EL PASO, Texas (Border Report) – The Mexican consulate in El Paso is taking a leadership role in educating Spanish-speaking residents in West Texas and Southern New Mexico about labor rights.

The consulate has partnered with U.S. federal agencies, the government of El Salvador area nonprofits and private law firms to put on in-person and online seminars this week covering topics like wage theft and unsafe working conditions.

“Let’s not forget that one of the reasons the United States became the most important economy in the world is because of (immigrant) labor,” said Ricardo Hernandez, deputy consul of Mexico in El Paso. “Therefore, they have the right to a decent salary, to be paid on time, to have (safe) labor condition and receive attention for (medical) problems or injuries on the worksite.”

The consulate and the U.S. Labor Department’s Wage and Hour Division have a long-time agreement to ensure workers’ claims are investigated timely and without regard to nationality. Hernandez and Wage and Hour Division Assistant District Director Jacobo Valenzuela on Monday renewed that memorandum of understanding.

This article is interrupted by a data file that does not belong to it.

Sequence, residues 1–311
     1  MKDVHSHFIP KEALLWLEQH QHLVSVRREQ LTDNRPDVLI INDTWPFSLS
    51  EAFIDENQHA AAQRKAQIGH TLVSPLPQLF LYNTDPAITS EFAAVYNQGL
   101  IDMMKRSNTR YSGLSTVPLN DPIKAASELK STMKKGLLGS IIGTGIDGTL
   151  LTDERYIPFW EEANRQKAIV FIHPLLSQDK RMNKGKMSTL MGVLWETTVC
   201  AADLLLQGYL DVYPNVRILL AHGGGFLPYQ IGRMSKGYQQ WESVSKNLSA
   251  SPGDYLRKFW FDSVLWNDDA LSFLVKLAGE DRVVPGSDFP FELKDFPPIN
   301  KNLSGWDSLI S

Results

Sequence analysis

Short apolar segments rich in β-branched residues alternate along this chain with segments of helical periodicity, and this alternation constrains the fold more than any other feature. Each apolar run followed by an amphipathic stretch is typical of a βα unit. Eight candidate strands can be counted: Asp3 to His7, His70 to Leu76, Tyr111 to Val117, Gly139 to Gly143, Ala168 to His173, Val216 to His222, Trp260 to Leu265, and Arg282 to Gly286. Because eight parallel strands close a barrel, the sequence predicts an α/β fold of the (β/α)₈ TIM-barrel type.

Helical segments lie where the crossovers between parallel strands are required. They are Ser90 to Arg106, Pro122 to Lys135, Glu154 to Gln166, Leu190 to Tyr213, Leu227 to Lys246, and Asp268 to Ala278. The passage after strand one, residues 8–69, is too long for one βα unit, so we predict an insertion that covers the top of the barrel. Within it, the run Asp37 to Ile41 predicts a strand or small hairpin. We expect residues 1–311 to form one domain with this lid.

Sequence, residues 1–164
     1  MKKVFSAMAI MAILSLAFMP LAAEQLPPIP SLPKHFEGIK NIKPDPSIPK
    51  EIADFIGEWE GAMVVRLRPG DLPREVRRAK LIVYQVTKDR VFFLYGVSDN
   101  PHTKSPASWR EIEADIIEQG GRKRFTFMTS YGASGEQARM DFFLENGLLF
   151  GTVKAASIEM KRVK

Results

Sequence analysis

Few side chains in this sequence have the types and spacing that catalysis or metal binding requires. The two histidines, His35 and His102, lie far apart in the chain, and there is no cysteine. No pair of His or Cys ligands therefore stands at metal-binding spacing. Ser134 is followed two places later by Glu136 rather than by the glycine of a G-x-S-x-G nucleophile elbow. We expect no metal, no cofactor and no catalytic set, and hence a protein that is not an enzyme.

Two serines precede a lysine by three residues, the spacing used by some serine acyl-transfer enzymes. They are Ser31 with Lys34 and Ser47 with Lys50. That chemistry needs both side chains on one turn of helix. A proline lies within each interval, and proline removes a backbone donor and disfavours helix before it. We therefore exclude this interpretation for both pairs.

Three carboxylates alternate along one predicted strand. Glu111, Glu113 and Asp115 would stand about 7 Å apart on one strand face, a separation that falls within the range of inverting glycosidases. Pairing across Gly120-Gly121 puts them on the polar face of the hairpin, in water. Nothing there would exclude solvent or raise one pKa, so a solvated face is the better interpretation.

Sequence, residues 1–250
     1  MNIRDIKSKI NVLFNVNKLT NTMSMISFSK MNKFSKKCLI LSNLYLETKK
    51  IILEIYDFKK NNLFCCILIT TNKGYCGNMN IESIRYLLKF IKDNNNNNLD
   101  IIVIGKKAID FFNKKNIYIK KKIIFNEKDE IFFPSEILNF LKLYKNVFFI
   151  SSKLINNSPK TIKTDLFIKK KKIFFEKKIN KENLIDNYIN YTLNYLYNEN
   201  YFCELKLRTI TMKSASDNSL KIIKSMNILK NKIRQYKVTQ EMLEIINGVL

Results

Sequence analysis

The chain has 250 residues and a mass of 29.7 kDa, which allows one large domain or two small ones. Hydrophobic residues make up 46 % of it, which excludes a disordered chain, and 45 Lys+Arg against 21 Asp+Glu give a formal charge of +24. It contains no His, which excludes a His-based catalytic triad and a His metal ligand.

“This simply reassures our commitment to continue working with the Mexican consulate,” Valenzuela said.

In El Paso, most alleged labor violations include non-payment of overtime both to hourly workers as well as to qualifying salaried workers. The complaints come from a variety of industries, but those in “labor intensive” fields stand out.

“Let’s say you’re a farmworker working in Hatch, then you’re transported to another farm in Deming, that’s travel time that should be compensated. Once you’re at a worksite and travel for the benefit of the employer, that’s paid time,” said Ismael L. Camacho, a staff attorney at New Mexico Legal Aid.

Farm workers, particularly those who commute from Mexico, are often the ones most likely to not get paid and the least likely to report wage theft and other violations, officials said.

“It doesn’t matter if you are documented or not in this country, you are entitled to receive the protection of the law,” Hernandez said, adding that not everyone knows this and that’s why the consulate’s Labor Rights Week is important.

The deputy consul said all Spanish-speakers are welcomed at the seminars regardless of nationality.

For a full schedule, see the flyer below.